When a believer is working in the house of God in the area that God has given him grace or special favour to serve, he makes more impact than someone not given grace in that area though grace is also in measures – the more the grace, the greater the impact. It is good for a Christian to identify the grace that he has been given and serve God in that area. The pastor should also help people by appointing them to serve in identified areas of grace. The Kingdom of God will profit more from such correct positioning.
However, this needs to be put in the proper context so that nobody hides under this subject of grace to shy away from the assignments God has given to all believers. All Christians, for example, may not be given the kind of grace given to those called as intercessors, but all Christians are called to intercede – all have the grace to intercede. Not all Christians have the grace given to evangelists, but all Christians are given the grace to evangelize or win souls. All ministers of the Gospel have the grace to minister the Word of God, but those specifically called to teach the Word are given more grace for insightful and in-depth teaching. Even grace does not foreclose training for greater effectiveness, which I already discussed under teachability. Add to your grace training, whether formal or informal.
18. Working in the area of your talent, training, or skill. Another quality that can make a church worker effective is working in the area of his talent, training, or skill. Talent is an unusual innate ability or special ability to do something well. James 1:17 says, “Every good gift and every perfect gift is from above, and comes down from the Father of lights, with whom there is no variation or shadow of turning” (New King James Version). There are talented artists, talented musicians, etc. Such people have exceptional abilities. They are gifted in certain areas, which are useful to the church. Such talents should be harnessed by the church.
There are those who have acquired some skills through formal education or training, which can be very beneficial to the church. Such people have an advantage over those without talent, training or skill in an area, but who only have an interest.
That, however, does not always mean that people must serve in church only in their areas of talents, training, or skill. For instance, the fact that someone is professional guidance and counselor does not mean he is qualified to be a counselor in church. Secular counseling is not the same as Christian counseling.
The Bible talks about the Spirit of wisdom and understanding, the Spirit of counsel and might, the Spirit of knowledge, and the fear of the LORD, which are manifestations of the Holy Spirit (Isaiah 11:2). Christian counselors need the Holy Spirit and sound knowledge of the Word of God in addition to obtaining the required certification as it is required in some countries before one can be a counselor.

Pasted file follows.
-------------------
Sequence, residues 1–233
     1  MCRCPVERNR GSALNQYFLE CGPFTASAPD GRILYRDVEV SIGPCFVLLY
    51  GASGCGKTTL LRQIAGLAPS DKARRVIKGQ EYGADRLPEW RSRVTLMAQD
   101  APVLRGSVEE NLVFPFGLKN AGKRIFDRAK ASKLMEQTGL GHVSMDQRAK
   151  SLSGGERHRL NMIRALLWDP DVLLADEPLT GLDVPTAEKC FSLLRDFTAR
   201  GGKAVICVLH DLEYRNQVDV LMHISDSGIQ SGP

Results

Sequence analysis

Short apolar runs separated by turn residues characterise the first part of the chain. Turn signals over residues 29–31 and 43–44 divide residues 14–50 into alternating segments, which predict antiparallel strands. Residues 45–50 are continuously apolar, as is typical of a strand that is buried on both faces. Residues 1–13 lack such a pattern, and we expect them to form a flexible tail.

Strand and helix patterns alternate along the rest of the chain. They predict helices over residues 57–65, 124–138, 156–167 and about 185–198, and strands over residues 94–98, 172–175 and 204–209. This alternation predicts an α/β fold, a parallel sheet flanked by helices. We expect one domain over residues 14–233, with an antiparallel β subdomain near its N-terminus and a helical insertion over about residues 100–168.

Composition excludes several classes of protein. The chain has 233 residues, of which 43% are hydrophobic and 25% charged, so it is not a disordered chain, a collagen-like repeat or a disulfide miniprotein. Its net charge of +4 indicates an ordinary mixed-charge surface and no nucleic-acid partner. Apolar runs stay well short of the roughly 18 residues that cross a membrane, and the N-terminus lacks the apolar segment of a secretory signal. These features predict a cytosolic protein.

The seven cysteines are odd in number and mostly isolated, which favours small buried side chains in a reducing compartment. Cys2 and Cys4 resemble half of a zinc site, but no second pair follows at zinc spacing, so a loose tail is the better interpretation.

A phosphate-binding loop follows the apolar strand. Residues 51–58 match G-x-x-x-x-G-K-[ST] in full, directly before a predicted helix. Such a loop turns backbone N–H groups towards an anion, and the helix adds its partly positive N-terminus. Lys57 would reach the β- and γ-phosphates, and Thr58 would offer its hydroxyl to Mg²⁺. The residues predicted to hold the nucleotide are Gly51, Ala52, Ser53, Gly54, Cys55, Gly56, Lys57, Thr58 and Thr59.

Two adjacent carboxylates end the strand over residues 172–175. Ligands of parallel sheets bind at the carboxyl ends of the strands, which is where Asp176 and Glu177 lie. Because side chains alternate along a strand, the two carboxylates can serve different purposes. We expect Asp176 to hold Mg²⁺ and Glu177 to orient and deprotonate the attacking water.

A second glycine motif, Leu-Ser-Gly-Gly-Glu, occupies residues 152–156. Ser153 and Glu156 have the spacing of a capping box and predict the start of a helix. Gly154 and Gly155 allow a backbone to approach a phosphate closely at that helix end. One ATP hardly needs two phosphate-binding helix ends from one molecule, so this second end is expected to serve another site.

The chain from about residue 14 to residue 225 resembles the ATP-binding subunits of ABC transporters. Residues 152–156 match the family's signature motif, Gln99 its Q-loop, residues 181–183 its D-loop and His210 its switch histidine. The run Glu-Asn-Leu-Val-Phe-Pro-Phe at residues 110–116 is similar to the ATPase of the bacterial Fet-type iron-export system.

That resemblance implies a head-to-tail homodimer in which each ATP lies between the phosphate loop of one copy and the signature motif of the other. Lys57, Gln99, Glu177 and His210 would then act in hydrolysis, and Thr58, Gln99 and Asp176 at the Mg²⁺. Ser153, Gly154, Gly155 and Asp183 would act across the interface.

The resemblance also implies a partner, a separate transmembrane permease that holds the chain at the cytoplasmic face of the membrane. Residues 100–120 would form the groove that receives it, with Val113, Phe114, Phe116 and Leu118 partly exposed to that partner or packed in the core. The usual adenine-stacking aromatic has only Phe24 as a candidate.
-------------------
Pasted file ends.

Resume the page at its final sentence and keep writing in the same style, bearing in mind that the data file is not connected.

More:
In addition, that someone is a teacher in school does not necessarily qualify him to be a Sunday school teacher. A Chattered Accountant may make an eternal impact on children in the children’s church than a professional nursery/primary school teacher. Every talent, training or skill must be subordinated to the ministry of the Holy Spirit.
Conclusion: The workers in the church are not enough yet not all who are working are effective, not because they cannot be, but because they may not be paying the price to be effective or they are serving where they do not fit in well. After the Lord encountered Saul on the way to Damascus, he asked an important question: “Lord, what do You want me to do?” (Acts 9:6 New King James Version). This is an important question that believers who want to be effective workers in the house of God need to ask God too. Everyone should find his area of grace and labour there. Nobody should be idle in church; everybody should be an effective worker.
If you are not born again, you need to give your life to Jesus now. I urge you to take the following steps: *Admit you are a sinner and you cannot save yourself and repent of your sins. *Confess Jesus as your Lord and Saviour. *Renounce your past way of life – your relationship with the devil and his works. *Invite Jesus into your life. *As a mark of seriousness to mature in the faith, start attending a Bible-believing and Bible-teaching church. There they will teach you how to grow in the Kingdom of God.
Kindly say this prayer now: O Lord God, I come unto you today. I know I am a sinner and I cannot save myself. I believe that Jesus is the Son of God who died on the cross to save me and resurrected the third day. I repent of my sins and confess Jesus as my Lord and Saviour. I surrender my life to Jesus now and invite Him into my heart. By this prayer, I know I am saved. Thank you, Jesus, for saving me and making me a child of God.
I believe you have said this prayer from your heart. Congratulations! You will need to join a Bible-believing and Bible-teaching church in your area where they will teach you how to live your new life in Christ Jesus. I pray that you flourish like the palm tree and grow like the cedar of Lebanon. May you grow into Christ in all things and become all God wants you to be. I will be glad to hear from you. The LORD be with you.
T. O. Banso is the President, Cedar Ministry International, Abuja, Nigeria.